These lectures cover variable costing, absorption costing and how fixed manufacturing overhead is treat as either product or period cost.
[vc_row][vc_column][vc_video link=”https://youtu.be/cWOXAb4t9p8″ title=”Variable Costing Versus Absorption Costing”]
[vc_row][vc_column][vc_video link=”https://youtu.be/Et_-ETCRhJE” title=”Practice CPA questions Variable Costing Versus Absorption Costing part 1″]
[vc_row][vc_column][vc_video link=”https://youtu.be/_s9q1N2lDvQ” title=”Practice CPA questions Variable Costing Versus Absorption Costing part 2″]
Variable costing and absorption costing are alternative methods of determining unit product costs. Under variable costing, only those manufacturing costs that vary with output are treated as product costs. This includes direct materials, variable overhead, and ordinarily direct labor. Fixed manufacturing overhead is treated as a period cost and it is expensed on the income statement as incurred. By contrast, absorption costing treats fixed manufacturing overhead as a product cost, along with direct materials, direct labor, and variable overhead. Under both costing methods, selling and administrative expenses are treated as period costs and they are expensed on the income statement as incurred.
Because absorption costing treats fixed manufacturing overhead as a product cost, a portion of fixed manufacturing overhead is assigned to each unit as it is produced. If units of product are unsold at the end of a period, then the fixed manufacturing overhead cost attached to those units is carried with them into the inventory account and deferred to a future period. When these units are later sold, the fixed manufacturing overhead cost attached to them is released from the inventory account and charged against income as part of cost of goods sold. Thus, under absorption costing, it is possible to defer a portion of the fixed manufacturing overhead cost from one period to a future period through the inventory account.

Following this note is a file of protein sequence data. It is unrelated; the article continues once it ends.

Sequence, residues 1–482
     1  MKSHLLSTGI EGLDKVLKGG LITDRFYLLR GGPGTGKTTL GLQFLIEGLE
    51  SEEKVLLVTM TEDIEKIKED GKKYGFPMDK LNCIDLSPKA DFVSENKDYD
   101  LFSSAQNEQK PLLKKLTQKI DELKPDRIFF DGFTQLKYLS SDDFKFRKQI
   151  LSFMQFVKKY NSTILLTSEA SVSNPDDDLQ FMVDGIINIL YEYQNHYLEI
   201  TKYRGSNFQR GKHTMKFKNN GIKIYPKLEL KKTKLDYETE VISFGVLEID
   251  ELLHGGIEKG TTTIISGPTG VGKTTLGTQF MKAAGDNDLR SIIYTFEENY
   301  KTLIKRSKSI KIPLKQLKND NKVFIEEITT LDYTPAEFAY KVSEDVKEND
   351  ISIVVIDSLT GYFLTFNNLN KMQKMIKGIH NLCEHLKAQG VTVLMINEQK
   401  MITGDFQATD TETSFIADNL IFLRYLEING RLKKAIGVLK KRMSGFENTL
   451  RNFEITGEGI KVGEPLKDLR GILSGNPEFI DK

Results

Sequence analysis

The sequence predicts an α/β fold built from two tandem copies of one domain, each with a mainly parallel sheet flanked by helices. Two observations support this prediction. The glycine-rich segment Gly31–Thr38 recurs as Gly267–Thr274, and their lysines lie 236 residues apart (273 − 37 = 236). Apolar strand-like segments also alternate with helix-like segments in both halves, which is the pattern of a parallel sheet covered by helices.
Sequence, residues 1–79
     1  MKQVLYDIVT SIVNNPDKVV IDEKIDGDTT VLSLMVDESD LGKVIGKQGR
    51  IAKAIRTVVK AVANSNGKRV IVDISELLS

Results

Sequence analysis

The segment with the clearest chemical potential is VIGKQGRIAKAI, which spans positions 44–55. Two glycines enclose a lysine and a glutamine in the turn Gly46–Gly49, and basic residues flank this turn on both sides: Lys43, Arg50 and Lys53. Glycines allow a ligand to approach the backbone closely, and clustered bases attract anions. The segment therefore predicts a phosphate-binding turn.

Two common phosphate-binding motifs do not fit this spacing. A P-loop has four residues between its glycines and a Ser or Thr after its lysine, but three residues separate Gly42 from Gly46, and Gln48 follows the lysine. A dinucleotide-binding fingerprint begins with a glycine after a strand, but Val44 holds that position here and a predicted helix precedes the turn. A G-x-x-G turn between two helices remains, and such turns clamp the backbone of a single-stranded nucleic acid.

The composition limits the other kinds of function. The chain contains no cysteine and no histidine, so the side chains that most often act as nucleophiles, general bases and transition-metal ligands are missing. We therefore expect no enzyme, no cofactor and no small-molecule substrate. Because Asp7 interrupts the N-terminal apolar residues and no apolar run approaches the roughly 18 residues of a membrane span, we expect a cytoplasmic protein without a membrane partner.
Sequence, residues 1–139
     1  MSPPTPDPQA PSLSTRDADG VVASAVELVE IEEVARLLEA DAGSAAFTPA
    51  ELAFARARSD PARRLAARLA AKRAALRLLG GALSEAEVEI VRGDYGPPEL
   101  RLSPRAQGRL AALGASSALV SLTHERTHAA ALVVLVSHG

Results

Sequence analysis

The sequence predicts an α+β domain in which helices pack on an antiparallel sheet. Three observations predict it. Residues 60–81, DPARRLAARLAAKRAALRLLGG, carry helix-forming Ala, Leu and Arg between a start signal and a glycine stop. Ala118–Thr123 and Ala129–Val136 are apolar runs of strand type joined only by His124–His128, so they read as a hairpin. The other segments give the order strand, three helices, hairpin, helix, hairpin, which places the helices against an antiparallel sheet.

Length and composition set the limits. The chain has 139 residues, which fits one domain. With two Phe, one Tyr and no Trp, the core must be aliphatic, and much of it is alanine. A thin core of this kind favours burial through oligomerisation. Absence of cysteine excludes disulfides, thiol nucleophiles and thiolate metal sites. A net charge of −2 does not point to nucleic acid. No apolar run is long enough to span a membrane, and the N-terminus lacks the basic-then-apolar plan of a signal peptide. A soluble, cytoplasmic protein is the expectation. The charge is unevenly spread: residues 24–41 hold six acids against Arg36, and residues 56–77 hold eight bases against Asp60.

Unfortunately, this shifting of fixed manufacturing overhead cost between periods can cause erratic fluctuations in net operating income and can result in confusion and unwise decisions. To guard against mistakes when they interpret income statement data, managers should be alert to changes in inventory levels or unit product costs during the period.
Segmented income statements provide information for evaluating the profitability and performance of divisions, product lines, sales territories, and other segments of a company. Under the contribution approach, variable costs and fixed costs are clearly distinguished from each other and only those costs that are traceable to a segment are assigned to the segment. A cost is considered traceable to a segment only if the cost is caused by the segment and could be avoided by eliminating the segment. Fixed common costs are not allocated to segments. The segment margin consists of revenues, less variable expenses, less traceable fixed expenses of the segment.
The dollar sales required for a segment to break even is computed by dividing the segment’s traceable fixed expenses by its contribution margin ratio. A company’s common fixed expenses should not be allocated to segments when performing break-even calculations because they will not change in response to segment-level decisions.